John Newton: Trophy of Grace


"Grace! tis a charming sound, Harmonious to the ear, Heaven with the echo shall resound, And all the earth shall hear" - Philip Doddridge.

Perhaps there is no greater trophy of grace than John Newton (1725-1807). He was born in London; his mother died when he was seven. For six years, he sailed with his father, a merchant shipmaster on the Mediterranean. "His early life was one of sad and wanton profligacy" with intermittent, failing attempts to "live right." Shortly after setting out on his own, he was impressed (forcibly enlisted) into the Royal Navy-where his arrogance and disagreeable nature resulted in severe discipline and multiple transfers.

During this time, he became attached to ships involved in the horrible African slave trade, but his refusal to get along with others caused one captain to maroon him as an indentured servant to an slave trader's African wife. He was rescued in 1748, and during a severe storm that almost sank his ship on the return voyage to England, Newton experienced a dramatic conversion. He began reading the Bible and came under the influence of evangelical Anglican leaders like George Whitefield and John Wesley. He married his childhood sweetheart, Mary, in 1750, and though they had no children of their own, they later adopted two orphaned nieces.

Though the effect of his salvation in his behavior and attitude was almost immediate, Newton continued for several more years in the slave trade, both as a slave ship captain and an investor.

In the 1750s, he left the business, and began to pursue Christian ministry. He studied Greek, Hebrew, and Syriac, was ordained a deacon, and received a curacy at Olney. There he became an intimate friend of William Cowper, with whom he collaborated on the production of Olney Hymns, which ranks high in English hymnody. In 1780 he was appointed rector of St. Mary's Woolnoth, London, the post he held for life. Newton was a "main pillar of the Evangelical party in the Church of England."

Later in his life, Newton came to see the evil of slavery, and renounced his participation in it fully. In 1788, he published a widely distributed pamphlet, Thoughts on the Slave Trade, in which he described the gruesome details of the trade and apologized for "a confession, which comes too late. It will always be a subject of humiliating reflection to me, that I was once an active instrument in a business at which my heart now shudders." He threw his influence behind the fledgling abolitionist movement, allied with William Wilberforce, and sent his pamphlet to every Member of Parliament.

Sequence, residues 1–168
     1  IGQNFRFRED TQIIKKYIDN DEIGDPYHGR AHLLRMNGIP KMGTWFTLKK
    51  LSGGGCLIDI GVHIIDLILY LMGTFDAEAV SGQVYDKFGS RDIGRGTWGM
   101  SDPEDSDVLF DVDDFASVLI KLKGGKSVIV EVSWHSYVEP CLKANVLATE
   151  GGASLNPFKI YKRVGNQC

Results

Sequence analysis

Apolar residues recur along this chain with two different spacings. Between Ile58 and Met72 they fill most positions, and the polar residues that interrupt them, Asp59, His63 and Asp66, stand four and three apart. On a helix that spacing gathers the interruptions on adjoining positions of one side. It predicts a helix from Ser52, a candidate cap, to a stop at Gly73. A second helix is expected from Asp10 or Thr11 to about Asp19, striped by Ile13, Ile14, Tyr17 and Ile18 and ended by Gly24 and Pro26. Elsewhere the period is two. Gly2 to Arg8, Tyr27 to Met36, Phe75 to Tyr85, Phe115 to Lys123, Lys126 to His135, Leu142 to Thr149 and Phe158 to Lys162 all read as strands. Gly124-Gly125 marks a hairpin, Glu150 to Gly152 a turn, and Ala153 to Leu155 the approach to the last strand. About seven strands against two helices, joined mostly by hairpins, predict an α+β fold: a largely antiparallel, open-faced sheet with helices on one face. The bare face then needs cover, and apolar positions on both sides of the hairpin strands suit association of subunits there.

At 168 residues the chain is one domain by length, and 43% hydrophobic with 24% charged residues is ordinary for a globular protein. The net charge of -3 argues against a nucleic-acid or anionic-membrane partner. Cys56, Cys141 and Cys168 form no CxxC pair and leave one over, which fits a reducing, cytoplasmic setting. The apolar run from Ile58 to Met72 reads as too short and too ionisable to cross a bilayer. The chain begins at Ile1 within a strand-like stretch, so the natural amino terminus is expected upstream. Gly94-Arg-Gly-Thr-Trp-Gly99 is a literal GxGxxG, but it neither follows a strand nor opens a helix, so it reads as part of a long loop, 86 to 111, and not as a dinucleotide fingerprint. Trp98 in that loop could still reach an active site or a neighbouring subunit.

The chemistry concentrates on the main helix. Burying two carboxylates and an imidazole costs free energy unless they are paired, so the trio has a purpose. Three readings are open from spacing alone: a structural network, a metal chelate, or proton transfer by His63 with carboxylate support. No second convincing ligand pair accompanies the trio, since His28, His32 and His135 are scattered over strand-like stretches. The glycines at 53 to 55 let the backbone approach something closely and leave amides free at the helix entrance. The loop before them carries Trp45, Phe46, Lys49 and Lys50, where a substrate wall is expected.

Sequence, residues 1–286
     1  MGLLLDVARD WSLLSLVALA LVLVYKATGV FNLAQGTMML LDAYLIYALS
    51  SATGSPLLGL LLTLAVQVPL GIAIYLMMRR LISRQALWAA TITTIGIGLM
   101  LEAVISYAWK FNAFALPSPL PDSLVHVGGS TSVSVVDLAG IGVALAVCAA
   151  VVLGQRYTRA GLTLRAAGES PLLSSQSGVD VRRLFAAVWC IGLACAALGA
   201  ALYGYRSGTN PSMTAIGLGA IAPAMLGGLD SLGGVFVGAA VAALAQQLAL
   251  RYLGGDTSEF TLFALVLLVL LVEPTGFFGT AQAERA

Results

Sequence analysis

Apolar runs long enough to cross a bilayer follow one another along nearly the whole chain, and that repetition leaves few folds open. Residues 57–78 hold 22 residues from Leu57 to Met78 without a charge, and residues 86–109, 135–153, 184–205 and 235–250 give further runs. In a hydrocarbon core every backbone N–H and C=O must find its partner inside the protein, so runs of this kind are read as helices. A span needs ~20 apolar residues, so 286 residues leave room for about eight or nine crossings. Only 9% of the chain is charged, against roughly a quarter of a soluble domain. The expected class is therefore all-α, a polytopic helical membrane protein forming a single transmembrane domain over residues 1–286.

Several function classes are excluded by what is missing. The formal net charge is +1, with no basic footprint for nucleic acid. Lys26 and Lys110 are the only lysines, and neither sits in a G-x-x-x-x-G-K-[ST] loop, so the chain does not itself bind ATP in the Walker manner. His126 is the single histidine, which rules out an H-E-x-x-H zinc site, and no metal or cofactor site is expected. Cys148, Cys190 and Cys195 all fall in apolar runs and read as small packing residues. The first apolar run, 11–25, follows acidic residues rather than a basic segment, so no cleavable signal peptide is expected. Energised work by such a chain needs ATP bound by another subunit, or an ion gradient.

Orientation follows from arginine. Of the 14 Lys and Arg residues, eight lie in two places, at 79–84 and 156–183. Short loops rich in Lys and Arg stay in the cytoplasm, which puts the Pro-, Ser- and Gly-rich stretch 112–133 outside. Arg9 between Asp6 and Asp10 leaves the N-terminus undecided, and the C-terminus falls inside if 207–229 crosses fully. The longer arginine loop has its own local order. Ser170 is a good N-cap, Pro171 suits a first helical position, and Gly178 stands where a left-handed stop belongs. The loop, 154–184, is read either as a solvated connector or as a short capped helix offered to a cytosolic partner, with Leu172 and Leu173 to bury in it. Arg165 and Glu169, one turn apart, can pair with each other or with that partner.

In addition to Wilberforce (for whom Newton played a key role in shepherding him to stay in politics and serve God by passing just laws), he strongly influenced major leaders such as Thomas Scott (the pastor of a neighboring church who later became one of the founders of the Church Missionary Society), Charles Simeon (another co-founder of the CMS and influential evangelical pastor), and Hannah More (a playwright, author, philanthropist, and fellow abolitionist). Newton lived to see Wilberforce's abolition bill passed by the House of Commons in March 1807.

A prolific writer, Newton's books include Omicron, Cardiphonia, and A Review of Ecclesiastical History. His classic song "Amazing Grace" has been called the greatest hymn ever written, its popularity undiminished after more than two centuries. One wonders how and indeed whether the light, giddy, pop tunes widely heard today will survive in coming years. His best known and loved hymns also include "Glorious Things of Thee Are Spoken" and "How Sweet the Name of Jesus Sounds."

"Well done, thou good and faithful servant" (Matt. 25:21).

Bernard R. DeRemer chronicled the lives of dozens of heroes of the faith in more than a decade of writing for Pulpit Helps Magazine. He continues to serve in this capacity as a volunteer contributor to Disciple. He lives in West Liberty, Ohio.

Reference:Who Was Who in Church History, by Elgin S. Moyer; excerpts used by permission of Moody Publishers.

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